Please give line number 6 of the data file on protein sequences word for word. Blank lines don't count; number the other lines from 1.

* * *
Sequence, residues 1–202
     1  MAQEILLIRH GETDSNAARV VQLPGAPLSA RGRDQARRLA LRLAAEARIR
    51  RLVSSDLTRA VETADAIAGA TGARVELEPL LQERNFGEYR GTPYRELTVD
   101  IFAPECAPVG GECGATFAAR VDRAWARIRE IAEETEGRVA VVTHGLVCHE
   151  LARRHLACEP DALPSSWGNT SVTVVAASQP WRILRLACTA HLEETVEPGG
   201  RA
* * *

   201  RA